When you own a piece of land that is part of a precious historical interchange between man and nature, you are inspired to do your best with it, even when it is a losing proposition financially and kicks your ass every time you hump up and down it trying to keep nature tame and hospitable.
Last spring, we performed a “drastic pruning” on this particular olive grove, lowering the trees from an unwieldy, bushy height of 25 feet to a measly bare trunk of 4 feet. Since the olive is a resilient tree, during the summer it sprouted tens and hundreds of shoots. And so the time had come to select the few branches that are going to become the future of the tree, and prune the rest, which means cut all but three or four of the new shoots.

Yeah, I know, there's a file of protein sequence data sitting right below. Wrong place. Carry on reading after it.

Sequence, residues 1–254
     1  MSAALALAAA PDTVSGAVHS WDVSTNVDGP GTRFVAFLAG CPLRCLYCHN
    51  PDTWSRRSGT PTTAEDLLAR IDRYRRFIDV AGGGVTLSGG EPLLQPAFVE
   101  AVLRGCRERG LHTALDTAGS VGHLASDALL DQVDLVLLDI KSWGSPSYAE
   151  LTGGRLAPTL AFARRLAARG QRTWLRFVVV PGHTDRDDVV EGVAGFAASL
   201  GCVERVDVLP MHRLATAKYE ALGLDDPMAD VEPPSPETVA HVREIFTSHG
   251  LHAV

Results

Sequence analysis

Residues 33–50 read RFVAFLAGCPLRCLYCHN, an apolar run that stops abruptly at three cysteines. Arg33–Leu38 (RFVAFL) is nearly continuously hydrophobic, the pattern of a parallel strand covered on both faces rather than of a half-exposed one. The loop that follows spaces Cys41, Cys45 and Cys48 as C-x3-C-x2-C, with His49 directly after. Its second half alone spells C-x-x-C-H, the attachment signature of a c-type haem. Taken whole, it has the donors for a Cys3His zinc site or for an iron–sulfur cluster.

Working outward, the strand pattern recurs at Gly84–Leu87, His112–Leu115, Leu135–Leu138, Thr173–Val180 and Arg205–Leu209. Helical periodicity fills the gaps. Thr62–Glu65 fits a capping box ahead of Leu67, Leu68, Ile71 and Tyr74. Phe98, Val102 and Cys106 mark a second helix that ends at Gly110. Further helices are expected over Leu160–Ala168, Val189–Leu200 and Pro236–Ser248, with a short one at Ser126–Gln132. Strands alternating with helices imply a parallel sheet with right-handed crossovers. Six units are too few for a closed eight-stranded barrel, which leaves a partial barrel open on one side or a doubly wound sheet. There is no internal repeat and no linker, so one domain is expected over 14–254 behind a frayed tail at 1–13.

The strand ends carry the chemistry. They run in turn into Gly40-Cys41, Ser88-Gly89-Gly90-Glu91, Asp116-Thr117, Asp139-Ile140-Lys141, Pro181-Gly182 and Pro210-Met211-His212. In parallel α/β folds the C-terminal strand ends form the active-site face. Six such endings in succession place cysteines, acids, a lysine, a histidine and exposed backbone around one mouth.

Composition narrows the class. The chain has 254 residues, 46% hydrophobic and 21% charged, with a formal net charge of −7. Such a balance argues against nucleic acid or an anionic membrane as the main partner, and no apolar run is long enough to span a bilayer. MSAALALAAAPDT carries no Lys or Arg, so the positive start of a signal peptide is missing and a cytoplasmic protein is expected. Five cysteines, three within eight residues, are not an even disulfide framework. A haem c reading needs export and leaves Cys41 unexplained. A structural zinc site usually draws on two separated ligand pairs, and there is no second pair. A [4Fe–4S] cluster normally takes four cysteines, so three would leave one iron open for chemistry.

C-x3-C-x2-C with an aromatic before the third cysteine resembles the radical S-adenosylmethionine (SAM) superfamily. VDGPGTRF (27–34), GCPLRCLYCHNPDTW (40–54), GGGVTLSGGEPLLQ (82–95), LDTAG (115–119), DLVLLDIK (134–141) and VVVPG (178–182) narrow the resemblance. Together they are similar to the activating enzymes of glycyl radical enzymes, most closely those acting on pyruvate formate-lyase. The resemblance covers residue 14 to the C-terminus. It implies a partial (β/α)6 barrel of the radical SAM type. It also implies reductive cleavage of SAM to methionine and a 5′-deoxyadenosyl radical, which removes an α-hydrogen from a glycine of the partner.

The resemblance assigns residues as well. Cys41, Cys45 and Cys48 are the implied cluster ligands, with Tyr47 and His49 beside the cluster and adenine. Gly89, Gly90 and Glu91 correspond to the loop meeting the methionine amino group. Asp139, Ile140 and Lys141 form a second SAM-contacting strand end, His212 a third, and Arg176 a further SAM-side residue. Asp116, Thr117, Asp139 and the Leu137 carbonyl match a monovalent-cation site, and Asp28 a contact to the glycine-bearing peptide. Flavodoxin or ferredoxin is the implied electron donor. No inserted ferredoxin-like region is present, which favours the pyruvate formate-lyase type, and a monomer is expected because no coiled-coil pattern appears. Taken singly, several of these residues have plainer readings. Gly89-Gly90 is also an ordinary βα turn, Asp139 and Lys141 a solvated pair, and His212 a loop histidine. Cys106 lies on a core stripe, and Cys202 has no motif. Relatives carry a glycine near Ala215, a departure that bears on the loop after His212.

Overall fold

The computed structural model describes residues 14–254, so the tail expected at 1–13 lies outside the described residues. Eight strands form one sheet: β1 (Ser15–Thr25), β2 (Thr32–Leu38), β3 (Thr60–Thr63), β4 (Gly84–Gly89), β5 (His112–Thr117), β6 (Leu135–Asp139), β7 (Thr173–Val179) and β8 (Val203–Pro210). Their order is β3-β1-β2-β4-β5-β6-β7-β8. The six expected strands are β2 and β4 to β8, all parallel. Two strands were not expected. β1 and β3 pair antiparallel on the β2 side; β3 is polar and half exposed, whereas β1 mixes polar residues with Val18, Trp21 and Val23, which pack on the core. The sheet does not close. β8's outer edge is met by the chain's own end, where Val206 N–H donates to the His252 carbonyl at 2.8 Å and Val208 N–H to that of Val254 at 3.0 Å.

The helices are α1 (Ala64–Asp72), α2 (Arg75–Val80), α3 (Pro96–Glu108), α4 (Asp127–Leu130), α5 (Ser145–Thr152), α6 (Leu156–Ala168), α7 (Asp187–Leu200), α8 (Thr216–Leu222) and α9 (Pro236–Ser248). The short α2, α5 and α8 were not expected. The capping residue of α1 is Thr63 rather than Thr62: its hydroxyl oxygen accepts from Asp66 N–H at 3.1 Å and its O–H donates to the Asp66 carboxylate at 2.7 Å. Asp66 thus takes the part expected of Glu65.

It was a gorgeous day, of which we haven’t had many this spring, and the hill was as steep and unpleasant as always, but the work went quickly. What’s more, we now have a gorgeous view of the sea below us, which was previously hidden by the overgrown trees.
And slowly, slowly we hope to bring this land back.